Life in the “A” Lane
by Dave Christner, Newport Mercury
For Becky (Margaret Melozzi), the bored and befuddled middle-aged workaholic mom in Steven Dietz’s comedy, “Becky’s New Car,” life in the adulterous lane is anything but a smooth ride. Becky’s reluctant journey on the road to and from marital bliss is pocked with more potholes than I-95 after a brutal winter and has enough detours to discourage even the most seasoned traveler. But once the A train leaves the station, there is no getting off. Or is there?
Mark Peckham’s skillfully paced direction keeps Becky’s excursion moving at a breakneck pace, stopping only long enough for laughs (of which there are plenty) and for Melozzi to collapse the theater’s “fourth” wall, thereby inviting the audience to become participants in the play. If this theatrical device was meant to endear Becky to the audience, it worked well enough, but was probably not needed.
Melozzi’s portrayal of Becky is so delightful that you can’t help but want her to be your best friend. She is weak and strong, terrified and courageous, cheerful and melancholy, in and very out of control; in short, she is as human as the rest of us with a lot of the same problems: an unappreciative adult son still occupying his historic living quarters, a demanding job, a home she spends precious little time in, and a spouse who is too often separated either emotionally or physically from her. Becky is experiencing her mid-life crisis; she is lonely, unfulfilled, an affair waiting to happen.
Enter widower Walter (Vince Petronio), a deliciously handsome, fabulously wealthy, and genuinely decent guy who although still mourning the loss of his wife is more than willing to leap into the breach. Walter is immediately taken with the quirky Becky and through a misunderstanding (which Becky fails to clarify) assumes that Becky’s husband is dead and departed. The truth is Joe (Kerry Callery) is not dead; he’s just departed, and just temporarily to complete an out of town roofing job. Joe owns a roofing company; ironically, Becky is the only thing he can’t keep some kind of lid on. The smooth and steady portrayals of Becky’s love interests by Petronio and Callery serve as strong counterpoints to Becky’s flighty persona captured so vividly by Melozzi. Either man would be an ideal husband for any woman, so it is easy to understand why Becky might be open to the idea of not limiting herself to one ideal partner when two are so readily available and willing to accommodate her every wish.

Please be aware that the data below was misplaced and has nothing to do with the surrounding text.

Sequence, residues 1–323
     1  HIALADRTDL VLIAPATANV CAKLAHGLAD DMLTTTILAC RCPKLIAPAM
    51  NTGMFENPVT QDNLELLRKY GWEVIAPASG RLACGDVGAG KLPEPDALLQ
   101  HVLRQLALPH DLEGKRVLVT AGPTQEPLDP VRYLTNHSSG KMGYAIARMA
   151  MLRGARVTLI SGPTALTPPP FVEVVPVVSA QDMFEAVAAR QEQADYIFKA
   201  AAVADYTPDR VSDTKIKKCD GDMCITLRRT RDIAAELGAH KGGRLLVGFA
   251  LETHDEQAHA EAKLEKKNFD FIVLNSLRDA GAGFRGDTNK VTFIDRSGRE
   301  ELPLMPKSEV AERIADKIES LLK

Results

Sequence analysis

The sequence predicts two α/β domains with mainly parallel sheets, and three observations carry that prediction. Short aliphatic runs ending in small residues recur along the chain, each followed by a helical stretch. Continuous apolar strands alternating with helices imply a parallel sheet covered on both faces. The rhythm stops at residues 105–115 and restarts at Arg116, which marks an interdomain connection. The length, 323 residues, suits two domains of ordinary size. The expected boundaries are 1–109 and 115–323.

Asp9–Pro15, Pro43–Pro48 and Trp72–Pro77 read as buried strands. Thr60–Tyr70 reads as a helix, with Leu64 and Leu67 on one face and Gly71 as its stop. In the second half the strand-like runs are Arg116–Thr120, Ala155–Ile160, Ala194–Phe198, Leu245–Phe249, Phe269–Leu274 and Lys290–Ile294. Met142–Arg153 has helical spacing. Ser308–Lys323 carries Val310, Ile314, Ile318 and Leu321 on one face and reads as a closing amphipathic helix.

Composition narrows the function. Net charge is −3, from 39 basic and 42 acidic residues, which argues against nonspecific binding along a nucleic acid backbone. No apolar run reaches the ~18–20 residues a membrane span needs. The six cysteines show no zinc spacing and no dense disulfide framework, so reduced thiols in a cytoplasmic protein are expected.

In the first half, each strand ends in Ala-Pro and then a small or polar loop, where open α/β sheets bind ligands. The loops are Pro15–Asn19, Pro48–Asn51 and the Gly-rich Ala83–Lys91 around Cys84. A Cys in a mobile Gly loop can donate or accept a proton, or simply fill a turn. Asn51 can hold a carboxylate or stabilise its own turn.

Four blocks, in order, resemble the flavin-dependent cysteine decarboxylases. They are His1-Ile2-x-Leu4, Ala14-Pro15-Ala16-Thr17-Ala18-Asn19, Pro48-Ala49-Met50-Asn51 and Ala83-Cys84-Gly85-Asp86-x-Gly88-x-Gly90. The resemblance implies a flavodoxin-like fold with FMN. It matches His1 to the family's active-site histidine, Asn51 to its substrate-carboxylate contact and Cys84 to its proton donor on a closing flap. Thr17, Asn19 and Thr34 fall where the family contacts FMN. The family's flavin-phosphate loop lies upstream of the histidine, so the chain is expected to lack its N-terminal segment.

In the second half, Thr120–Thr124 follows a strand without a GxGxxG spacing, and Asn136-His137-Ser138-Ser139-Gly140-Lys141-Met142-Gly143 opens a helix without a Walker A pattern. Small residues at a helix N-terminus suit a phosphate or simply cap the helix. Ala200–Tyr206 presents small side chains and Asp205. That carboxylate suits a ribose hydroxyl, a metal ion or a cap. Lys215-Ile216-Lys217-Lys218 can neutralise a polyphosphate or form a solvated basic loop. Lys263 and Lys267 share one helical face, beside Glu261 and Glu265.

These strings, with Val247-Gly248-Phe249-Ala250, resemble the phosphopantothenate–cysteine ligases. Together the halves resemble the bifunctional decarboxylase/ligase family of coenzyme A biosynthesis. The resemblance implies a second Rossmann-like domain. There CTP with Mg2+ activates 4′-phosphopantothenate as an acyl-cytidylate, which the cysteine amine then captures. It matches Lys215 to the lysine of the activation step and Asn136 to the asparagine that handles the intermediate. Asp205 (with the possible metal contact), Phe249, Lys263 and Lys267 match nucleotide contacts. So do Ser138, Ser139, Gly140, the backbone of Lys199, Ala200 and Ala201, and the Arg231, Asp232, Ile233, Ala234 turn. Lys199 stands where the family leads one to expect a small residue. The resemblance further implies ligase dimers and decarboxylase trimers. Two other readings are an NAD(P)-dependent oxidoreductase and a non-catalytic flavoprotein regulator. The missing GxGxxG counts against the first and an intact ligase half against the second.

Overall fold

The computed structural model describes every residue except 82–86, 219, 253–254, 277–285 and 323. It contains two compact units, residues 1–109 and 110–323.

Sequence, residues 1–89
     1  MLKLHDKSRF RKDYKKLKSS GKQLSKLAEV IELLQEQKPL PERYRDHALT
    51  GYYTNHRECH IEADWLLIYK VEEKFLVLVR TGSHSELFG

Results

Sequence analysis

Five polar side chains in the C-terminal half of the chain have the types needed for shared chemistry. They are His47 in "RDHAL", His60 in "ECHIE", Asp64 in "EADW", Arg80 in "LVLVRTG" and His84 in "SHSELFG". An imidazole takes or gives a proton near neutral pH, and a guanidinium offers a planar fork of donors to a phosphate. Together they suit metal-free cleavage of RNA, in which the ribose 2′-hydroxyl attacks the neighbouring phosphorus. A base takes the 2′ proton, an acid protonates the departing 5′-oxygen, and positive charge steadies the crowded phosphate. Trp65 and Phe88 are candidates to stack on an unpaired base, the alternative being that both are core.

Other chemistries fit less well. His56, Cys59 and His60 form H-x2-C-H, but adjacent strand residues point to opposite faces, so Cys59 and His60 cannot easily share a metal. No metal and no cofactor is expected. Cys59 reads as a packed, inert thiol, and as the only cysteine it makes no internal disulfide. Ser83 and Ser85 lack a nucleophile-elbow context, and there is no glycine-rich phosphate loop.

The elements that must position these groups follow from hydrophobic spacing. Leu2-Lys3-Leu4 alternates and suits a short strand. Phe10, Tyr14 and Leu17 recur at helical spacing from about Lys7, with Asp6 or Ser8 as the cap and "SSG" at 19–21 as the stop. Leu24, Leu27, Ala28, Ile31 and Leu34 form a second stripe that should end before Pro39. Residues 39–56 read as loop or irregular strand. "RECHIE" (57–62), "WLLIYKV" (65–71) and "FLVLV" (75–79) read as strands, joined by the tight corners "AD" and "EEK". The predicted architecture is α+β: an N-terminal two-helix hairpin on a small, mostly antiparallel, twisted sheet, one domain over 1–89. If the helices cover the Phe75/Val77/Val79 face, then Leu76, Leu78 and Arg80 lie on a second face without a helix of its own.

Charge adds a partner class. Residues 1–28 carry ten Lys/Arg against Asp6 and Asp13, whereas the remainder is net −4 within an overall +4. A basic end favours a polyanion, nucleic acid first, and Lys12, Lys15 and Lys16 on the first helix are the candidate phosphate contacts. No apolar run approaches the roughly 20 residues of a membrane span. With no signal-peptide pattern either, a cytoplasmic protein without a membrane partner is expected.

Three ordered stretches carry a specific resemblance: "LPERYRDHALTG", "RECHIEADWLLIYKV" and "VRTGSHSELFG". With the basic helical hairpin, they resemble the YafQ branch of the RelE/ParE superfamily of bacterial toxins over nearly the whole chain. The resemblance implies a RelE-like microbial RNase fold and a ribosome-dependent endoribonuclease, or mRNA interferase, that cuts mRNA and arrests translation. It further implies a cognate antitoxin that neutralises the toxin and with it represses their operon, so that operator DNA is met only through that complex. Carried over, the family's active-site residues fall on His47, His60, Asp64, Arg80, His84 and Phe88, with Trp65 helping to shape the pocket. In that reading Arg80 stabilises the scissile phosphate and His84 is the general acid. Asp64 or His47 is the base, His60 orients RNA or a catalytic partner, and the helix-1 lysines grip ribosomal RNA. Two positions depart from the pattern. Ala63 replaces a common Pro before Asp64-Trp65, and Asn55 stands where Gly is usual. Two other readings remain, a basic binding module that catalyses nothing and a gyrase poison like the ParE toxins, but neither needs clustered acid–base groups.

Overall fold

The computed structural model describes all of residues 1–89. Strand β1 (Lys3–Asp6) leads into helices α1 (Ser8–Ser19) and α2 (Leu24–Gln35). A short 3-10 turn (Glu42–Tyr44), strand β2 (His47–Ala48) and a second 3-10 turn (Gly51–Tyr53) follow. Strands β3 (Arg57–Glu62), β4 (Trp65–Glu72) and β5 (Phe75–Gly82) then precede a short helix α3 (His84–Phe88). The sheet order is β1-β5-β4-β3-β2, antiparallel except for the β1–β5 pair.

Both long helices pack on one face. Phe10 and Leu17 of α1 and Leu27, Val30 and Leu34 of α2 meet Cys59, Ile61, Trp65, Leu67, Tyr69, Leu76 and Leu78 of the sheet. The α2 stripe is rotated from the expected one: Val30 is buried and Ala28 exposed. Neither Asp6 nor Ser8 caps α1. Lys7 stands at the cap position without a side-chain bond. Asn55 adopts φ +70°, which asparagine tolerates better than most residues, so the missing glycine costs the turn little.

Then there is Steve (F. William Oakes), a not so hotshot salesman at the luxury auto dealership where Becky works; from what I can tell, his sole purpose in the play is expository and to provide some frills, like a special options package on a new vehicle. In this case, the frills are laughs, and Oakes gets more than his share in a splendid performance. His character is an odd combination of slick salesman and environmental activist. He too is a widower, forever pining over his lost love. Oakes finds nuances in the character that are both hilarious and touching.
Jeff DeSisto is dead-solid perfect as Becky’s insolent son, Chris, who inadvertently takes up with Walter’s daughter, Kenni, played beautifully by Erin Elliott. The always striking Rae Mancini plays Ginger, a lumber heiress who loses everything but her self-respect when Washington state’s rain forests run dry.
The ingenious Peckham works wonders with Dietz’s convoluted script, displaying the absurdity and charity in our imperfect species with a deft hand and using the myriad talents of his cast like a maestro conducting an orchestra.
2nd Story’s fetching production may be a rough ride for Becky, but for audiences it is a delightful diversion into the dreamscape of endless possibilities that only live theater can provide. So buckle-up and take the ride! You’ll be glad you did.